Intro to Online Grocery Shopping Statistics
Just how fast is online grocery growing? What impact has COVID-19 had? What stores and shopping experiences do customers prefer? We set out to answer all of these and more in this article.
Most think of the landscape as online grocery vs. traditional grocery but more accurately its online grocery AND traditional grocery. While online Grocery is emerging quickly, traditional grocery stores are here to stay. So the question is: how will these two channels co-evolve over time? Interesting behavioral insights from recent research are starting to come in. We dove into over 20 sources to bring you the key highlights.
This article, which we intend to regularly update, covers various statistics and insights into grocery store shopping, with a focus on the online e-commerce grocery market.
Questions this article with cover:
- What is the size of the online grocery market in the U.S.?
- How has Covid-19 affected the online grocery industry so far?
- What is the market growth rate of online grocery stores?
- How large is the US e-commerce grocery market expected to become in the future?
- What percentage of people in the US are buying groceries online?
- What online grocery options do consumers prefer and why?
Since here at Superfood Digital we help food and beverage brands increase their online grocery (as well as traditional retail) sales through digital marketing, we are always keeping up with the evolving landscape.
This is a meta-analysis, meaning it pulls from many different reports and sources. We triangulate the various sources to provide an informed estimate of the main online grocery market statistics. Links to the original reports and sources are listed at the end of the article.
Note: Each source is slightly different in how they define terms, the audience surveyed, or what years are covered. Due to simplicity, we show metrics side by side but make note if a major difference in the underlying data source. Check the original sources to learn more specifics about each report’s methodology.
As of writing this, Covid-19 is taking storm. This event will change the course of history and certainly the course of online grocery shopping. In fact, it already has.
According to Brick Meets Click and ShopperKit, the impact of Covid-19 on the Online Grocery Shopping industry thus far is vast:
The above stats reflect the home delivery and pickup grocery, not ship-to-home, such as Amazon shipments.
That said, most of the statistics in this article are pre-Covid and should generally be considered a snapshot of the 2019 market. As data comes in, we will update. The above increases could be used as multipliers of several of the below circa 2019 numbers for rough estimates until better data surfaces.
With Covid-19 making people less willing to physically visit grocery stores, demand for online grocery shopping (whether grocery delivery, Amazon, store pick-up) is up. Wait time for delivery can now be weeks instead of hours or days. This is set to only accelerate the market sizes and growth rates of online grocery shopping as many are trying it for the first time while others are increasing their frequency.
When/if things get back to semi-normal, it will be interesting to see how many of the new online grocery orders stay online versus reverting to traditional.
According to CivicScience data, shoppers, many who are trying online for the first time due to coronavirus, are not having a good experience due to delays and other issues:
New online grocery shoppers are experiences frustrations amid Covid-19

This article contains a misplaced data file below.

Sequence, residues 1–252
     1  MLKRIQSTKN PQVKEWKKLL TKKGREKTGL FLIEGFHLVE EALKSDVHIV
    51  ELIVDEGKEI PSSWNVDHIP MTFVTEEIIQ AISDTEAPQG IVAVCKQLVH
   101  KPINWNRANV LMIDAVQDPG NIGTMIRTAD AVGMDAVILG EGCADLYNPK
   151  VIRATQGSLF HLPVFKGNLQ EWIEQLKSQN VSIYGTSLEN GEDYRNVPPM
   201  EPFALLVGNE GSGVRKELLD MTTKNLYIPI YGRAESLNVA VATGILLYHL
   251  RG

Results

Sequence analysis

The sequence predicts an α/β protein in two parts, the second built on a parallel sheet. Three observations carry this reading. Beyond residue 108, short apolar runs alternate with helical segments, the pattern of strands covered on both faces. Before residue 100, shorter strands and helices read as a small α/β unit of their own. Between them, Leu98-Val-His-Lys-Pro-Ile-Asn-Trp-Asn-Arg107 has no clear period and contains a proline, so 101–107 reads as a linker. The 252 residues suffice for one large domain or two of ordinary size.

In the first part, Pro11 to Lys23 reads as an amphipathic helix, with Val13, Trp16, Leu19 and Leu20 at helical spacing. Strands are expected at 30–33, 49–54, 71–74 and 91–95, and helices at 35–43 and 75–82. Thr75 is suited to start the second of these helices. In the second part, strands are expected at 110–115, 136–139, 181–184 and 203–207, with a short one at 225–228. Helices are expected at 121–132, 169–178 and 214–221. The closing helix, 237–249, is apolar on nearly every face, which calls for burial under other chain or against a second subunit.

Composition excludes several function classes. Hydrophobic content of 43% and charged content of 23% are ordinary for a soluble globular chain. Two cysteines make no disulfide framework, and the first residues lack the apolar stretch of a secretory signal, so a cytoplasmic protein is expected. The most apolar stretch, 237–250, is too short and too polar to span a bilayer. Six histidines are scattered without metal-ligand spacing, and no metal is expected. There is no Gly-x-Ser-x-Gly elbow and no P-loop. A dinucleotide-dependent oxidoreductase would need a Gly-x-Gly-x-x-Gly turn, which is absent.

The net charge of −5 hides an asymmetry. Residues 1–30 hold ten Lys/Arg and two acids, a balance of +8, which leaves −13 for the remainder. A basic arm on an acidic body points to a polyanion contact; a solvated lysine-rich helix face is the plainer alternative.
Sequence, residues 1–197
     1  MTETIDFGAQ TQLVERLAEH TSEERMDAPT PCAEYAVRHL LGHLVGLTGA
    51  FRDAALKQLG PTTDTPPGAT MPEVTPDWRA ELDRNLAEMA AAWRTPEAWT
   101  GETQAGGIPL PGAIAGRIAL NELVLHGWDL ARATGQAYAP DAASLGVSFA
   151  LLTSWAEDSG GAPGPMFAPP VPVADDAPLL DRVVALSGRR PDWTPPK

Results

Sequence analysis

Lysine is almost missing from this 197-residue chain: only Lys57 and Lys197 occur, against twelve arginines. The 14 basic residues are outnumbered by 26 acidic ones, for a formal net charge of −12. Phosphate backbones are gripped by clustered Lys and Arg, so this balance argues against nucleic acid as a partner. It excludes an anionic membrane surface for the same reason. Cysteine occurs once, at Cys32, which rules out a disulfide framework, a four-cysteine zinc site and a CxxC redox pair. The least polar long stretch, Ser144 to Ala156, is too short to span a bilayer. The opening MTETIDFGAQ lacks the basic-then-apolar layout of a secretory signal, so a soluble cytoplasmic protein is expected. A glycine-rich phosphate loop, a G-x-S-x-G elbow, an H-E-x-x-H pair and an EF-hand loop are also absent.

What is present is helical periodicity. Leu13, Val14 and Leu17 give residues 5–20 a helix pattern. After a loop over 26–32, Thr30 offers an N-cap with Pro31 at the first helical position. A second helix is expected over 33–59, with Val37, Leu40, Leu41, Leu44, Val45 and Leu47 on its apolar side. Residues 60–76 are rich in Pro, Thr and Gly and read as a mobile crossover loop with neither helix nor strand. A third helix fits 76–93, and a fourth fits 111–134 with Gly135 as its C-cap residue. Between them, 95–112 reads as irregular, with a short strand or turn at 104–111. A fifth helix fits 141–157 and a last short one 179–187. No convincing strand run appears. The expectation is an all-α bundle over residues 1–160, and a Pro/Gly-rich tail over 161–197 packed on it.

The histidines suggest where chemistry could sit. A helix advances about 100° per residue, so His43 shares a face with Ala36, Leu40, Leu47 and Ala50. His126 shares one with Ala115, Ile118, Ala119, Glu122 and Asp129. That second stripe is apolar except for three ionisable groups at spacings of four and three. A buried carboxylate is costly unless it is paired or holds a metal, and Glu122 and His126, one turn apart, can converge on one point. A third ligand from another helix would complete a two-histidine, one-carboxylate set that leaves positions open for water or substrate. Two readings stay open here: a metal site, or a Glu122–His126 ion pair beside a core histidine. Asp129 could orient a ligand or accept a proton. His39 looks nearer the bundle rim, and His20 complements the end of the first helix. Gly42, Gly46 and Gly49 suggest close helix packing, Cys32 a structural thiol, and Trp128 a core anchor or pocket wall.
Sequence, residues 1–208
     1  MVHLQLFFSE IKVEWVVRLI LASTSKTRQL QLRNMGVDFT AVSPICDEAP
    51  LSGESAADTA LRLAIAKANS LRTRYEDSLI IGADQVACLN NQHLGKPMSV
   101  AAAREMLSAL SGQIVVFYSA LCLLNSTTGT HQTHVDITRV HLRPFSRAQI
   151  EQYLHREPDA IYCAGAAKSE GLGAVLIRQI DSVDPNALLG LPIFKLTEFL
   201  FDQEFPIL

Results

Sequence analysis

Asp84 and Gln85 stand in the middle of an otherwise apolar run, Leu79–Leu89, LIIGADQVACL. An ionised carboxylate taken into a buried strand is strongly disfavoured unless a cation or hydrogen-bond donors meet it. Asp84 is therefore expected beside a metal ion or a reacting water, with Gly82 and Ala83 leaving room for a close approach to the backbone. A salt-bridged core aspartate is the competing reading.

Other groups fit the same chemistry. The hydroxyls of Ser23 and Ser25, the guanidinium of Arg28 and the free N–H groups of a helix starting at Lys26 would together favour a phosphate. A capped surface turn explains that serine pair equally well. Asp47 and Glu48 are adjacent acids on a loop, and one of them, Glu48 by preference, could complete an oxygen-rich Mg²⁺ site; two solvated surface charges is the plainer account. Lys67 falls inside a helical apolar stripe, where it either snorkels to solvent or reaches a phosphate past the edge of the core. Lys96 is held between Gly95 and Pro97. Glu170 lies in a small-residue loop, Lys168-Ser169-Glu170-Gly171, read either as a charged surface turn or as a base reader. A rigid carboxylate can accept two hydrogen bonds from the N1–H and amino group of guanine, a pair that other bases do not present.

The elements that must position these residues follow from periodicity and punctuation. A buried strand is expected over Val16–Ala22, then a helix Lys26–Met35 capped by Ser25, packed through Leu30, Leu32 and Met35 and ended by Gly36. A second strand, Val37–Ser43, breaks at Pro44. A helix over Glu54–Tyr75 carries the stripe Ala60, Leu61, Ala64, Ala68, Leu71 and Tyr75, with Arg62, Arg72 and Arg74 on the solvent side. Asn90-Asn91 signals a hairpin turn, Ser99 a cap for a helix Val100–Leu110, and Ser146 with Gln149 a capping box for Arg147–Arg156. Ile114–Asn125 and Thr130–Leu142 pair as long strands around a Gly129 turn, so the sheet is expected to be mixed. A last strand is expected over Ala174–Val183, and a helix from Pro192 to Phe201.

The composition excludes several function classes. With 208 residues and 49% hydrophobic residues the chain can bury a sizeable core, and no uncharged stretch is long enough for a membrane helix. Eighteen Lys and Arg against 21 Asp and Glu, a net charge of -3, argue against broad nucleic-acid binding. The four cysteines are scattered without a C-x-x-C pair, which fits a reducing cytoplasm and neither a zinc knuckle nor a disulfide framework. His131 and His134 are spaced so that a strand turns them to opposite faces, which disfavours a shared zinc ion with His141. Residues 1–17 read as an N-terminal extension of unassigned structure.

Online Grocery Shopping Segments
Let’s now take a step back and clarify what exactly online grocery shopping is.
There is not just one way to shop for groceries online. A helpful way to think about is splitting the market into three segments: home delivery, store pickup, and ship-to-home. These purchases all begin online. Brick meets click breaks down the share between each as a percentage of the total:
- Home delivery (22%) (examples: FreshDirect, Instacart)
- Grocery pickup (28%) (examples: Walmart, Kroger)
- Ship-to-home (50%) (examples: Amazon, Thrive Market)
Some of the above companies offer multiple offerings
Percentage of online grocery shopping by market segment
Market Size of Online Grocery (2018/2019)
Now, the number that everyone wants to know: the size of the US Grocery e-commerce market.
Market size estimates of the US online grocery mostly hover around $20 – $26 billion annually pre-Covid.
- eMarketer estimates the 2019 US food and beverage e-commerce market at $19.89 billion.
- A 2018 Moody’s report calculated the U.S. online food retail business at roughly $20 Billion.
- Institute of Grocery Distribution says online grocery sales in 2018 were approximately $23.9 billion.
- IBISWorld puts the number slightly higher at $26 billion, as of 2018
- Brick Meets Click estimates the online grocery market is $55 billion, as of 2020* which includes non-food items bought in grocery stores like health and beauty care
*Brick Meets Click Grocery definition includes both food and non-food grocery items including household supplies, tobacco, cleaning supplies, personal care products, alcohol for home consumption, pet food and supplies.
Size of US Online Grocery Shopping Market (5 takes)
Online vs retail store market
For comparison, let’s look at how this measures up to the total grocery market including traditional grocery stores, supermarkets, and superstores such as Safeway, Stop and Shop, and Aldi.
What is the size of the overall grocery market including other traditional bricks and mortar retailers like supermarkets?
The size of the total grocery store market is approximately $835 billion (taking an average of the three data points below)
- According to IBISWorld, the size of the overall grocery market was $632 billion in 2018
- According to a 2018 Moody’s report, the overall grocery market is approximately $1 trillion (making online about 2% of the total market)